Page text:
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Speech by SFST at the International Research Conference (English only) (with photo)

    Following is the speech by the Secretary for Financial Services and the Treasury, Professor K C Chan, at the International Research Conference co-organised by the Chatham House and the Bauhinia Foundation Research Centre today (June 13):

Distinguished guests, ladies and gentlemen,

     It is a pleasure to be invited to speak at a workshop co-organised by the UK's Chatham House and Hong Kong's Bauhinia.  

A shift in the financial centre of gravity to
the East

     It has been three years now since the eruption of the financial crisis.  One cannot deny that growth in Asia, particularly in China, since the financial crisis has been phenomenal.  In 2010, China for the first time assumed second place in the ranking of the world's largest economies.  It is now the single biggest contributor to the world's economic expansion, creating nearly one-fifth of the world's newly generated economic activities.  The surge of economic activities in this region lies in stark contrast to the struggle among advanced economies in the West to recover.

     The strong economic performance of China throughout the crisis and its leadership role in reviving global demand have challenged the existing pecking order of economic influences around the world.  The shift in the centre of economic gravity from the West to the East has been set in motion.  The internationalisation of the Renminbi will only lend momentum to this movement.

Hong Kong's current economic situation and the
challenges ahead

     Let's look at Hong Kong's post-financial crisis road to recovery.  Hong Kong's economy plummeted in the latter half of 2008.  Gross Domestic Product (GDP) growth fell from 7.2% in the first quarter to -2.6% in the fourth quarter of 2008.

     No one could imagine back then that any economy stood a chance of bouncing back quickly or strongly from the gloom.  Hong Kong's resilience surprised the world.  

     Our economy has strengthened consistently and steadily for the past three years.  Our GDP growth for 2010 as a whole was 7.0%.  So far this year, Hong Kong's economic activities have continued to see sustained expansion.  The consumer market remains buoyant.  Exports of goods and total retail sales recorded strong growth in the first four months of 2011.  We anticipate strong economic growth figures for the first half of this year, and GDP will grow by 5% to 6% for the whole of 2011.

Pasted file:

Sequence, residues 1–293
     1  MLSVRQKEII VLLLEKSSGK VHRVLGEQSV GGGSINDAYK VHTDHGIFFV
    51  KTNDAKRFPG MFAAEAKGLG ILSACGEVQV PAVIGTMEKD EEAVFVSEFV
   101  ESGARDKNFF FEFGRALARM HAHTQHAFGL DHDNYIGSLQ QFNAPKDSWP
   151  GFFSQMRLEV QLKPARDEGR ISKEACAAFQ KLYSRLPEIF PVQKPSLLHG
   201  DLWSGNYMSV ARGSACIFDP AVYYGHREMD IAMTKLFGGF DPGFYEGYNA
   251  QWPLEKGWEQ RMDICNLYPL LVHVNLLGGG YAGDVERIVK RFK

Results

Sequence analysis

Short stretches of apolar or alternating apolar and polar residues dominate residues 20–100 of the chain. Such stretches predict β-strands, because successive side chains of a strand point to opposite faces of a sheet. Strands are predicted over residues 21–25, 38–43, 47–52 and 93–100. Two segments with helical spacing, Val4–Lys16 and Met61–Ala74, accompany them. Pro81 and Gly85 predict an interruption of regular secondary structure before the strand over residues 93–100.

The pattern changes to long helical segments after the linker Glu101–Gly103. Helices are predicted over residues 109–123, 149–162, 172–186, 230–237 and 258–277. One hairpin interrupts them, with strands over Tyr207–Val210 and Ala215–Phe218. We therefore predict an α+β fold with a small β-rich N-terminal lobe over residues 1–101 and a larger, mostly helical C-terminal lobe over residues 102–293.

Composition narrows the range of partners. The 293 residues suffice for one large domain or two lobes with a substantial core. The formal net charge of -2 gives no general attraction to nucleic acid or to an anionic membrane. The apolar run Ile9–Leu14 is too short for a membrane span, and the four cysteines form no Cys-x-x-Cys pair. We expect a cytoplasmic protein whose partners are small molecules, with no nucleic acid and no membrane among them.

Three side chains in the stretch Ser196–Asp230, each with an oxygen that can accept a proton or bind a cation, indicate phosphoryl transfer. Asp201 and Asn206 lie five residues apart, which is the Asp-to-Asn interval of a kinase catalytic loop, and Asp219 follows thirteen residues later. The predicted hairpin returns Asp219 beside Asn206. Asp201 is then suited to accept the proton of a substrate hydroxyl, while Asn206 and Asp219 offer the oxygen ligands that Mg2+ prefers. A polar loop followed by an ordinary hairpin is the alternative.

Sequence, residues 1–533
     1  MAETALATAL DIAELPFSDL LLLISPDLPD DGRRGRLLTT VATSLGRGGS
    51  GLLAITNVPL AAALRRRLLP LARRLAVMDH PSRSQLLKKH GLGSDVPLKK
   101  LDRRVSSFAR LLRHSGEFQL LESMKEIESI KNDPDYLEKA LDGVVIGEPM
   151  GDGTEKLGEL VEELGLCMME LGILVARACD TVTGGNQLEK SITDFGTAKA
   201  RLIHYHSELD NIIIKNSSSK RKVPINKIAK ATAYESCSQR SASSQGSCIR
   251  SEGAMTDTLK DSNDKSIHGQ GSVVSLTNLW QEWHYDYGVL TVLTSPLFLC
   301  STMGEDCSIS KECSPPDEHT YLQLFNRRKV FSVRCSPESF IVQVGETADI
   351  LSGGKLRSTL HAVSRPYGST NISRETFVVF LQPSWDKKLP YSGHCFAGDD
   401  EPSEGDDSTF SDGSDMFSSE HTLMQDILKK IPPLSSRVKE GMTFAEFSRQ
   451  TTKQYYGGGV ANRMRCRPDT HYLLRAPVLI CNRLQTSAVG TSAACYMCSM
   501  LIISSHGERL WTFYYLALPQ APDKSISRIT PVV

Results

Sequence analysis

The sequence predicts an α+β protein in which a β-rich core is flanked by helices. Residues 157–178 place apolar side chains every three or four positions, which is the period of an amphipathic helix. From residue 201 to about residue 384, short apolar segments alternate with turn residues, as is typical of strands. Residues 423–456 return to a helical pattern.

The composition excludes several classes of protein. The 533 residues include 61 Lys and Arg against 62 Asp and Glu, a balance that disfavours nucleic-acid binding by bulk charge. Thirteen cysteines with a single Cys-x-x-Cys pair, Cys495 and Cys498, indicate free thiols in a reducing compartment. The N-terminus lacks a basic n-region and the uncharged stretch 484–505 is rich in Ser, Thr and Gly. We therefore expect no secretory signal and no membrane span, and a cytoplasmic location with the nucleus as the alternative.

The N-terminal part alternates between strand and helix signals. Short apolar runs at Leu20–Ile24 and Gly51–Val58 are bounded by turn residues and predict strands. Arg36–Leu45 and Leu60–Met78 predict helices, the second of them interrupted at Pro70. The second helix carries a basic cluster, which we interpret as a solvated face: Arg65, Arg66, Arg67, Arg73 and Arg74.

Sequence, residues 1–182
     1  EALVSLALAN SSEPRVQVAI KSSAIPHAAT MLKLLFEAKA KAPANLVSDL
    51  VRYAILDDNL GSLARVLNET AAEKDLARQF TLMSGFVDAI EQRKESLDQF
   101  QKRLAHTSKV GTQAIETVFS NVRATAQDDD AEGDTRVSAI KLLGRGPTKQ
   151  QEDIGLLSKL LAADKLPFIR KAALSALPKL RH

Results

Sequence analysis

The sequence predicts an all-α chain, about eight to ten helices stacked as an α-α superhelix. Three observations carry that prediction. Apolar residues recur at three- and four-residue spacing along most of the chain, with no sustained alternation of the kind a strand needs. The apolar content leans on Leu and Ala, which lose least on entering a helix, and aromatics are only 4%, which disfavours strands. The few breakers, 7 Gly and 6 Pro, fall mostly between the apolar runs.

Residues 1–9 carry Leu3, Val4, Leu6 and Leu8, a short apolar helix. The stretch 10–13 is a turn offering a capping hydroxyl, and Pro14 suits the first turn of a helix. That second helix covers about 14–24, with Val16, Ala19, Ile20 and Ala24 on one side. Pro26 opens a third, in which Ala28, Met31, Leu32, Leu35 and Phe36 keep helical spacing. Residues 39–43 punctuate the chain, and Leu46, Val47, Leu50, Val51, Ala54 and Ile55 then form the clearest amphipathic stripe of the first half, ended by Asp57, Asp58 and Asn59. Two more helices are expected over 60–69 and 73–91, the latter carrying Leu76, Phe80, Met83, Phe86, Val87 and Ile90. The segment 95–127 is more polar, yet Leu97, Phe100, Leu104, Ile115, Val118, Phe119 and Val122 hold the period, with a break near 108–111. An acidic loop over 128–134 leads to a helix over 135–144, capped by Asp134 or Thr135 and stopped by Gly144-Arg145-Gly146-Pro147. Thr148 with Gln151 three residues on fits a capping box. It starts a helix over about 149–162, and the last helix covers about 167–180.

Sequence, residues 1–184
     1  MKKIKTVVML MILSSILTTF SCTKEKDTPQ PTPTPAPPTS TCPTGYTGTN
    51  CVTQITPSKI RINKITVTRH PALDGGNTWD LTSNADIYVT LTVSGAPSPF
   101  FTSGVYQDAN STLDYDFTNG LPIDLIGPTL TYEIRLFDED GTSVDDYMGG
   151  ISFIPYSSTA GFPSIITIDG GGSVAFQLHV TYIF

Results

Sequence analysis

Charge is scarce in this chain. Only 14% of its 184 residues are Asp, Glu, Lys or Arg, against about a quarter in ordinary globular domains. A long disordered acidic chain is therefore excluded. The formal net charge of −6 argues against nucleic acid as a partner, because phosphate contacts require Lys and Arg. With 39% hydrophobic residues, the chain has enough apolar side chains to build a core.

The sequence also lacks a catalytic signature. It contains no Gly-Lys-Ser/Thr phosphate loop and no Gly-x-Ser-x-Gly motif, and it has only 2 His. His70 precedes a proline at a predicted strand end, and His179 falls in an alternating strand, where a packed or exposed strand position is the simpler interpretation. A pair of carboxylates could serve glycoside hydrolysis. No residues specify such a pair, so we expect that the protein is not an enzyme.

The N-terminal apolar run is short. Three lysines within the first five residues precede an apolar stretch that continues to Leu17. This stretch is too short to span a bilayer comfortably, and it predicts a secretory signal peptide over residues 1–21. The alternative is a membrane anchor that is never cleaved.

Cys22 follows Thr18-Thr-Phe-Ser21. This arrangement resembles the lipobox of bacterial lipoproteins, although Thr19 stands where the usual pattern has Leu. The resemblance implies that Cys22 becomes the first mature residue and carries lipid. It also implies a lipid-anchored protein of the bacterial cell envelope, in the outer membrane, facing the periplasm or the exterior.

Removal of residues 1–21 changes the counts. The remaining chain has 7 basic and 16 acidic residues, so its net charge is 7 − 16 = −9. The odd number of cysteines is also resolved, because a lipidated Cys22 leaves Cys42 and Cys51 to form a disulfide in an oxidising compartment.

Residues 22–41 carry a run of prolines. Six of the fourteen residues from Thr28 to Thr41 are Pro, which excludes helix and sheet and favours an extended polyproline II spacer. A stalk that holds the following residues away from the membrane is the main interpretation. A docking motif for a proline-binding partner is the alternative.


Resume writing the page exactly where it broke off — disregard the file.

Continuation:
However, Hong Kong is not without its fair share of challenges.  The strength of our economy is also the source of our challenges.  We are enjoying a low unemployment rate, continuous expansion of the economy and rising salaries and market rentals, but they all put pressure on inflation.  The second round of quantitative easing by the US has fuelled our already buoyant property market.  The rising rents and property prices are also a result of the development of our financial market in the past two years.  The financial services industry is a major pillar of our economy, contributing to around 17% of our GDP.  It is important for us to pay attention to the strategic and competitiveness issues of our financial market.

Hong Kong's strengths

     How can Hong Kong realise its potential amid the changes going on in the world? In particular, how can we capture opportunities arising from China's economy?  Our strategy should be guided by our own strengths.  Hong Kong's history of participation in the development of the Chinese financial market should shed some light on where our strengths lie.

     Historically Hong Kong's prime location and international connectivity have allowed us to serve as a gateway into and out of Mainland China for businesses worldwide.

     But Hong Kong also serves as a gateway in another dimension.  It has been an important testing ground for new ideas in China's economic reform.

     The reason Hong Kong was picked to serve the financial needs of China in its market opening process is simple: Hong Kong is China's most international financial centre.  We enjoy the best of both worlds under the "One Country, Two Systems" policy.  Hong Kong has its own legal and financial infrastructure while being part of China.  We facilitate a free flow of financial and human capital in our market.

     Our regulators have been recognised worldwide for their professionalism, consistency and transparency.  Certainty and predictability, the treasured cornerstones of all financial transactions and capital markets, remain solidly in place.

     Possessing the strengths I have mentioned, Hong Kong has for years served as the premium capital-raising platform for Mainland China. It was Hong Kong that took the first state-owned Mainland enterprise public - Tsingtao Brewery in 1993.  As of the end of April 2010, China enterprises had raised a total of HK$400 billion with a market capitalisation of US$1.6 trillion, which is 57% of the total Hong Kong market.

     Apart from Mainland companies, enterprises from different markets, including Europe, North America and Southeast Asia, and companies in diversified sectors such as the mining and consumer sectors have designated Hong Kong as their preferred fundraising platform.  

     Hong Kong's successful experience in conducting many mega-IPOs illustrates our ability to attract international capital.  We have a deep pool of liquidity because investors come to Hong Kong to gain access to the Asian markets as well as buy into the Greater China story.  

     For these reasons, our fund management businesses have blossomed in recent years.  The combined fund management business of Hong Kong amounted to more than US$1 trillion as at end of 2009, up 45% from 2008.  Our ETF turnover has enjoyed an average annual growth of 113% in the past five years.